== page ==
5 tips for safe descents
Snow has something magical about it. Snowy landscapes are idyllic and lure us outside despite the freezing temperatures. It makes you want to go for a walk or even sledging or skiing. For people with diabetes, there are a few things to keep in mind due to the cold and physical exercise.
In winter, we often spend many hours outside in the snow. We keep moving to stay warm. Both, the cold and the exercise, require special attention with regard to blood sugar.
#1 – Keep your pump and insulin warm.
Insulin must never freeze. Otherwise it loses its structure and is no longer effective, even after thawing. Keep your insulin pump and any spare insulin you are carrying close to your body. In case of particularly low temperatures, you can also wrap the insulin in an insulating foil for additional protection against the cold.
#2 – Carry your blood glucose monitoring system close to your body.
The same applies to another faithful companion of people with diabetes: the blood glucose monitoring system. The BGM only works properly within its specified operating temperatures. Moreover, the cold has a negative effect on the BGM’s batteries. At low temperatures, the batteries can lose charge much faster. That is why you should also carry your glucose monitoring system as close to the body as possible.
#3 – Protect your hands from the cold.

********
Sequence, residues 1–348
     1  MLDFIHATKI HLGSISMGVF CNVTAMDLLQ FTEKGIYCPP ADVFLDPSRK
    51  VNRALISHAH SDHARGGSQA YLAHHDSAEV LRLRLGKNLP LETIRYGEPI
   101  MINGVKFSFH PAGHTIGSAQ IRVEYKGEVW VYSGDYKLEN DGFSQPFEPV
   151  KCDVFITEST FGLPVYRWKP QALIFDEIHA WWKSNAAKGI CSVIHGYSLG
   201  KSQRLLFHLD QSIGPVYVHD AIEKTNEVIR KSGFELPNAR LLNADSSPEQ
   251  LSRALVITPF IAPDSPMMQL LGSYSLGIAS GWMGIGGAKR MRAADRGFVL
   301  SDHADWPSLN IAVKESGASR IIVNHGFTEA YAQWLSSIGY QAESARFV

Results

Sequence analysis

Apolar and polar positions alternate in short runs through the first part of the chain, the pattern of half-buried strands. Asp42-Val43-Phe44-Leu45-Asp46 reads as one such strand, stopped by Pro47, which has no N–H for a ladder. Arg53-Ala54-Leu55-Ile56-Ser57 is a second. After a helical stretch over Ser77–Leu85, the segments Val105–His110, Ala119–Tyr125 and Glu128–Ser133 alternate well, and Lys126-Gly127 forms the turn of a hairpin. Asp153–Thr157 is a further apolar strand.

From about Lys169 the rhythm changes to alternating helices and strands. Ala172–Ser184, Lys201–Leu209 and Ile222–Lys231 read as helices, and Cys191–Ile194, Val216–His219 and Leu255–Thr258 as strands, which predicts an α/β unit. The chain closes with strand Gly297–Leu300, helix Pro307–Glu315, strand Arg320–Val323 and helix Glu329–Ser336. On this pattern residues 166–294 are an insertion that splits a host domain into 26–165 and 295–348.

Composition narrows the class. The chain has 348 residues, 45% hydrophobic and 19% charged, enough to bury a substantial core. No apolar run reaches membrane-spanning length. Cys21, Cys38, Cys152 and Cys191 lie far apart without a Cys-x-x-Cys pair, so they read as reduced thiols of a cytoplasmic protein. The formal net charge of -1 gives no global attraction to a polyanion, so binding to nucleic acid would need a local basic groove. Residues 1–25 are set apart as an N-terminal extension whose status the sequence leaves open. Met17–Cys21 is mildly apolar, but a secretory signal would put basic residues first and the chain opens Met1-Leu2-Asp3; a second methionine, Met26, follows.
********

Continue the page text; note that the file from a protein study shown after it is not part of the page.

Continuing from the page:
For an accurate blood sugar measurement result, your fingers need to be warm. It is therefore best that you wear gloves. If the fingers become cold, you can rub the blood back into your fingers, or even take a hot drink in a thermos to warm your hands before measuring.
#4 – Keep an eye on your blood sugar.
When skiing or sledging, we are often having so much fun that we forget that both can be quite exhausting. Exercise can have an effect on your blood sugar. Therefore: do not forget to take regular measurements. If you are not used to physical activity, you should talk to your physician first in order to discuss the effects of sports on your blood sugar and possible measures. However, in general the rule is: exercise is healthy – for people with or without diabetes. It does not have to be a cross-country marathon or off piste snowboarding.
#5 – Pack fast carbs.
Last but not least, one thing must not be forgotten: in order to be able to prevent or treat hypoglycaemia at any time, you should always pack carbohydrates such as dextrose or fruit bars. Make sure you pack in such a way that they are ready to hand as quickly as possible!
Now, let’s hope for a lot of powdery snow and enjoy the winter season!